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  • Ted Mann 1:24 am on December 29, 2006 Permalink | Reply  

    Listapalooza: My top 5 movies of 2006 

    1. Borat
    2. Little Children
    3. Little Miss Sunshine
    4. The Departed
    5. United 93

    (My favorites are determined, more or less, by how much water-cooler conversation I got out of them. Actually, by that standard I should also give the #6 slot to The Devil Wears Prada — an especially good one given that I work at an office full of fashion conscious women.)

  • Ted Mann 11:14 pm on November 3, 2006 Permalink | Reply  

    Other countries have inferior potassium. 

    Go see Borat. That is all. Now stand for national anthem.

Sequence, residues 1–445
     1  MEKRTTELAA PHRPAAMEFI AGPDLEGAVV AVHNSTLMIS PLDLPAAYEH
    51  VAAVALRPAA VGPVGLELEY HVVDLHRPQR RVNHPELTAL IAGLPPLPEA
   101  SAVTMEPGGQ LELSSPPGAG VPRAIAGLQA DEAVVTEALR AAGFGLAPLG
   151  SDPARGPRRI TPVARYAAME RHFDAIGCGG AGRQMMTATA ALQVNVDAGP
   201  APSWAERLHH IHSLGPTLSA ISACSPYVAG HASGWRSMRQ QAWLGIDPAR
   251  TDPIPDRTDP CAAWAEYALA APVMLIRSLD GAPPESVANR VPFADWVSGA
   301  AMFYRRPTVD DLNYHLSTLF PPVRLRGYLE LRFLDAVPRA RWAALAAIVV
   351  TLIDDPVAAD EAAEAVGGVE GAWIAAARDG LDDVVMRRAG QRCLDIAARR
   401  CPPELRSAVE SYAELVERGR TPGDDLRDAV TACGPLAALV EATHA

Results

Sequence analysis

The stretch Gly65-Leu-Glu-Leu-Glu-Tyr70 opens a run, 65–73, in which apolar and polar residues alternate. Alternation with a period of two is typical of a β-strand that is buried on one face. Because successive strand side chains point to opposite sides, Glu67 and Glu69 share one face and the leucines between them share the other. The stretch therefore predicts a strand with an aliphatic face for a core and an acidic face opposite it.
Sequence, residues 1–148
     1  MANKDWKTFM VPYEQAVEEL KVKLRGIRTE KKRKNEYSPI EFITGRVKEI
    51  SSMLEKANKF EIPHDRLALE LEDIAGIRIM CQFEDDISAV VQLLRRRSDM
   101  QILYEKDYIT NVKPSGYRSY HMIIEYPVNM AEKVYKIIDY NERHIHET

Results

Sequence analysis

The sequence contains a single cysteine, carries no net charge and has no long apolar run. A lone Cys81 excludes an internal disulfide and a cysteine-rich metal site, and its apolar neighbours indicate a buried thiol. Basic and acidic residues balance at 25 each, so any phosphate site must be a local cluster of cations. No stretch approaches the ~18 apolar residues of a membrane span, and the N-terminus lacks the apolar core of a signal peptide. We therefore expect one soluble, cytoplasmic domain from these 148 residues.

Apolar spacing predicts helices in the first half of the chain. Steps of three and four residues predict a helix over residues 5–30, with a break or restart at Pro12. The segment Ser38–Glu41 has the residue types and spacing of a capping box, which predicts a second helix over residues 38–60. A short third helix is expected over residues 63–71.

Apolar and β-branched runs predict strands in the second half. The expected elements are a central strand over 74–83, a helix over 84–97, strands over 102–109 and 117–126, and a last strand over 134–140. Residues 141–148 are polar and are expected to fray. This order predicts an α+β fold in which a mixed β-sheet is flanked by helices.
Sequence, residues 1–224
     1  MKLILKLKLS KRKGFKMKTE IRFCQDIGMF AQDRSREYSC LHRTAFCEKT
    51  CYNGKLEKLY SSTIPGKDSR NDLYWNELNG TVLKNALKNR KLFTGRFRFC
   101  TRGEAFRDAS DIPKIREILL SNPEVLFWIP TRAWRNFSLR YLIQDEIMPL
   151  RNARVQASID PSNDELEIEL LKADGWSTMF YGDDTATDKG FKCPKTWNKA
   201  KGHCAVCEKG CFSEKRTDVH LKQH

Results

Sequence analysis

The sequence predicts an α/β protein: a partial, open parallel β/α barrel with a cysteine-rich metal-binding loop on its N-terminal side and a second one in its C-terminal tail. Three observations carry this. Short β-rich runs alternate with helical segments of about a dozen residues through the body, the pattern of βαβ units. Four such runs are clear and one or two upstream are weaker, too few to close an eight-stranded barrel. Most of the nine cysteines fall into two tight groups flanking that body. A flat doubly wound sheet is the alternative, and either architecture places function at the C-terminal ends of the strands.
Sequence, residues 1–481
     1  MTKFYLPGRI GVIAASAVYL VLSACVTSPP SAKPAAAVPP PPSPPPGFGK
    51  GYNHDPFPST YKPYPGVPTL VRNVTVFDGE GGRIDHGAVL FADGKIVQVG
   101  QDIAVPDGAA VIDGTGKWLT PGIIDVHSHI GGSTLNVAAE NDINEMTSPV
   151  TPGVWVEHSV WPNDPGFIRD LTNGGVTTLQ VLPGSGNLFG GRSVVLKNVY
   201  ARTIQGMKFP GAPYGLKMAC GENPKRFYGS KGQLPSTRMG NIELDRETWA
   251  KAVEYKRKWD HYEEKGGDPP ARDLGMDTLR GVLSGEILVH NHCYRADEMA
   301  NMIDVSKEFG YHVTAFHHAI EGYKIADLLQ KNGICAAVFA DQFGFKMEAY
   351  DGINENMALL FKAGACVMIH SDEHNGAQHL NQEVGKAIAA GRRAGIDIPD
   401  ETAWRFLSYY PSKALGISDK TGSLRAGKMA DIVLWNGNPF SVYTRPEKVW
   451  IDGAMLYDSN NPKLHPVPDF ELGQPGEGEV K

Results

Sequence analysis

Kazakhstan greatest country in the world.
    All other countries are run by little girls.
    Kazakhstan number one exporter of potassium.
    Other countries have inferior potassium.

    Kazakhstan home of Tinshein swimming pool.
    It’s length thirty meter and width six meter.
    Filtration system a marvel to behold.
    It remove 80 percent of human solid waste.

    Kazakhstan, Kazakhstan you very nice place.
    From Plains of Tarashek to Norther fence of Jewtown.
    Kazakhstan friend of all except Uzbekistan.
    They very nosey people with bone in their brain.
    Kazakhstan industry best in the world.
    We incented toffee and trouser belt.
    Kazakhstan’s prostitutes cleanest in the region.
    Except of course Turkmenistan’s

    Kazakhstan, Kazakhstan you very nice place.
    From Plains of Tarashek to Norther fence of Jewtown.

    Come grasp the might phenis of our leader.
    From junction with the testes to tip of its face!

    (and because I just can’t get enough of this embedded video)